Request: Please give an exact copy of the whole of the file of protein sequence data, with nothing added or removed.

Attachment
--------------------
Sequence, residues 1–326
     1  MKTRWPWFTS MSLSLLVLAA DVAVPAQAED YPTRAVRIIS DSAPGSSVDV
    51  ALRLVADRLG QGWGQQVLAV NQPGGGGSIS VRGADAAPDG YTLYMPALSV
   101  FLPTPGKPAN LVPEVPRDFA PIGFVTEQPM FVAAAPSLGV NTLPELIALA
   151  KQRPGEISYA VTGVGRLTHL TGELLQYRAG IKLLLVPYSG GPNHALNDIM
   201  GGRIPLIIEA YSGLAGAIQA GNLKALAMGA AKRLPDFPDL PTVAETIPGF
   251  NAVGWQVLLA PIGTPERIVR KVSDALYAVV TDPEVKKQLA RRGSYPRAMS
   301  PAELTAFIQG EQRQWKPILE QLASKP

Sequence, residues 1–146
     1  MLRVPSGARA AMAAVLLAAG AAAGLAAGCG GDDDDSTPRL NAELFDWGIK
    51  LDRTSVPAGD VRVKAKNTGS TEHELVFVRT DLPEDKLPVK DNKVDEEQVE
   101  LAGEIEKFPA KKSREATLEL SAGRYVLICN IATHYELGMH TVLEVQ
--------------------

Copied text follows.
Sequence, residues 1–326
     1  MKTRWPWFTS MSLSLLVLAA DVAVPAQAED YPTRAVRIIS DSAPGSSVDV
    51  ALRLVADRLG QGWGQQVLAV NQPGGGGSIS VRGADAAPDG YTLYMPALSV
   101  FLPTPGKPAN LVPEVPRDFA PIGFVTEQPM FVAAAPSLGV NTLPELIALA
   151  KQRPGEISYA VTGVGRLTHL TGELLQYRAG IKLLLVPYSG GPNHALNDIM
   201  GGRIPLIIEA YSGLAGAIQA GNLKALAMGA AKRLPDFPDL PTVAETIPGF
   251  NAVGWQVLLA PIGTPERIVR KVSDALYAVV TDPEVKKQLA RRGSYPRAMS
   301  PAELTAFIQG EQRQWKPILE QLASKP

Sequence, residues 1–146
     1  MLRVPSGARA AMAAVLLAAG AAAGLAAGCG GDDDDSTPRL NAELFDWGIK
    51  LDRTSVPAGD VRVKAKNTGS TEHELVFVRT DLPEDKLPVK DNKVDEEQVE
   101  LAGEIEKFPA KKSREATLEL SAGRYVLICN IATHYELGMH TVLEVQ